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Fenny Stratford Town Hall
From hosting gatherings of the Salvation Army in the late 19th century
Fenny Stratford Town Hall is now used as a bathroom centre.

Sunday Citizen March 18, 2001

General Booth’s praise for town

1880, Fenny Stratford's commercial prosperity had encouraged the building of a Town Hall, adjacent to the Swan Inn.

However, shortly afterwards the Fenny Stratford Town Hall Company Ltd went into voluntary liquidation and the building was then purchased by Barclays Bank, who employed some of the ground floor offices as accommodation, for their Fenny Stratford Branch Bank.

For the local population, outdoor entertainments could seasonally be provided by such events as the Bletchley Feast, where for a small fee the antics of 'a troupe of Soudanese Yelent Zulu Fire Kings' might be observed, not to mention 'the largest lady in the world' and an American midget.

Yet for indoor entertainments the Town Hall provided an ideal venue although perhaps in deference to the present political correctness, 'entertainment' might not be the best term applied to the various political meetings held in the hall, as it also held the early gatherings of the Salvation Army.

The latter held their meetings at the Town Hall until the construction of a purpose built barracks in Church Street, at the opening of which General Booth graciously pronounced that Fenny 'was a nice place'.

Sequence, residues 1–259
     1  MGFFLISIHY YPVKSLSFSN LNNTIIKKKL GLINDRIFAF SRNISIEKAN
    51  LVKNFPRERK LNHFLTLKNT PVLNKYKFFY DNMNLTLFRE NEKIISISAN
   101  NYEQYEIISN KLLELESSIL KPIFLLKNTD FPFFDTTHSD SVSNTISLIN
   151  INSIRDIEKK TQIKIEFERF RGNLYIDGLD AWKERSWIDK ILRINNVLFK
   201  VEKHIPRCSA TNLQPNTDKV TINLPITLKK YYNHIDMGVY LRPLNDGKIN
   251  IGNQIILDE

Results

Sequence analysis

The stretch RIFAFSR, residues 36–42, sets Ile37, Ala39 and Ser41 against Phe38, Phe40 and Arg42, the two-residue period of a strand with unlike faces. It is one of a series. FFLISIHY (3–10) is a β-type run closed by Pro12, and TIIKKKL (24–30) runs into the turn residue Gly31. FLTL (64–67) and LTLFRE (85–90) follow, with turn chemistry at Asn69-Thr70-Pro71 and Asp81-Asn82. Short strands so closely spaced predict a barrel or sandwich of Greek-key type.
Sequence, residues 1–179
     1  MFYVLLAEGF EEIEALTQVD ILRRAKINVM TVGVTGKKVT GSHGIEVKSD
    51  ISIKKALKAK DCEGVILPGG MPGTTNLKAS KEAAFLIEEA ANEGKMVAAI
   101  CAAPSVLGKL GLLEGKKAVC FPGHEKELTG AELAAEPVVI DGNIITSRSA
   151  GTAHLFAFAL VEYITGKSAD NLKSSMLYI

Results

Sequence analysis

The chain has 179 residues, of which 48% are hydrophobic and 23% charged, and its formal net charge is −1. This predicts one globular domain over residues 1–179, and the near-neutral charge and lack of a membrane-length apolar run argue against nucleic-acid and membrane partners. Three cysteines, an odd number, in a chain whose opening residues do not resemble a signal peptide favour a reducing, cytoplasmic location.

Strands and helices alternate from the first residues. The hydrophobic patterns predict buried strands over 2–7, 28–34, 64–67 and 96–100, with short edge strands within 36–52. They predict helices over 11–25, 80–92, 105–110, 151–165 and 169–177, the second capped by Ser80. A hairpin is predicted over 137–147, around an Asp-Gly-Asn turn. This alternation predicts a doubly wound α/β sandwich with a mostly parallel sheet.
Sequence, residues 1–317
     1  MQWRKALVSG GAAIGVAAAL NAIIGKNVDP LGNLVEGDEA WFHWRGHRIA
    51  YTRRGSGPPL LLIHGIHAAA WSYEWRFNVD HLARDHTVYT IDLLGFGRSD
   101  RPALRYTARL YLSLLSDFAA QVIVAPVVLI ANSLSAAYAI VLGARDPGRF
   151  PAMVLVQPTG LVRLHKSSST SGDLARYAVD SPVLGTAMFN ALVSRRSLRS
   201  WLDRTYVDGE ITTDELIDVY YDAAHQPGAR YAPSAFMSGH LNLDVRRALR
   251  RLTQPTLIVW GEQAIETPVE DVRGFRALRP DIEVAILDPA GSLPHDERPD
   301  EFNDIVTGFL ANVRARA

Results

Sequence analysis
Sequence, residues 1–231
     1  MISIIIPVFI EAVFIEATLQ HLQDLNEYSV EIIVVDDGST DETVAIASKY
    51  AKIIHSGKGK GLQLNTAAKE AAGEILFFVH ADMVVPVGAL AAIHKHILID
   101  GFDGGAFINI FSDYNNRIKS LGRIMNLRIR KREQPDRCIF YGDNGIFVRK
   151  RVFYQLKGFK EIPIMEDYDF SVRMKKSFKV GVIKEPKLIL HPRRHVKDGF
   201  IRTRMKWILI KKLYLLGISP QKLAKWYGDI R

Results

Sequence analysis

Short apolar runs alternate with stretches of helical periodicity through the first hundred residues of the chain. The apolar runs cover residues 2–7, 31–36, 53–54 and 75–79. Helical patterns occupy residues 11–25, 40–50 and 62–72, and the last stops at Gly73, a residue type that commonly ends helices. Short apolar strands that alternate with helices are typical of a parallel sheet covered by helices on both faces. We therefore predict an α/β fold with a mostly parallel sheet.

He also hoped that 'my coming here will cause some poor backslider to come here', and judging by some of the rowdies who turned up in later congregations, his wish was joyously fulfilled.

For the more established religion, in aid of a funds for a peal of bells to be hung in Saint Martin's Church, as a commemoration for Queen Victoria's Jubilee, in Fenny Stratford Town Hall the Walford family gave an entertainment of handbell ringing, an art in which they displayed considerable skill.

By their efforts a most useful sum was produced and eventually the new peal was opened on October 12, at the Harvest Thanksgiving service.

In fact the Walfords became popular performers at the hall and at Christmas, 1887, they excelled themselves, travelling especially back from the West of England.

Not only did Miss Eva Walford perform 'Star of Bethlehem', amongst other renditions but her sister bashed out 'I know that my redeemer liveth’ on no less than her 'Aquadigipsycharmonica', a collection of wine glasses, partly filled with water.

The whole family then gave of their best in an amusing little piece entitled 'The Gay Jolly Blacksmith', accompanied by a string band and an anvil. Matters were then brought to a close by the performance, for the very first time in Fenny Stratford, of the family's original Psychological Seance -'Mysteria'.

In later years it was proposed that the Town Hall could be used to accommodate the offices of the Bletchley Urban District Council but at the local enquiry the Local Government Inspector deemed the premises unsuitable.

In 1903 a purpose-built centre was con¬structed in Bletchley Road, instead.

As a bathroom and kitchen centre, today the building fulfils a need far removed from its earlier use but entertainments of a certain kind are still available to the local population by the provision, in a nearly premises, of an 'adult shop', whatever one of those may be!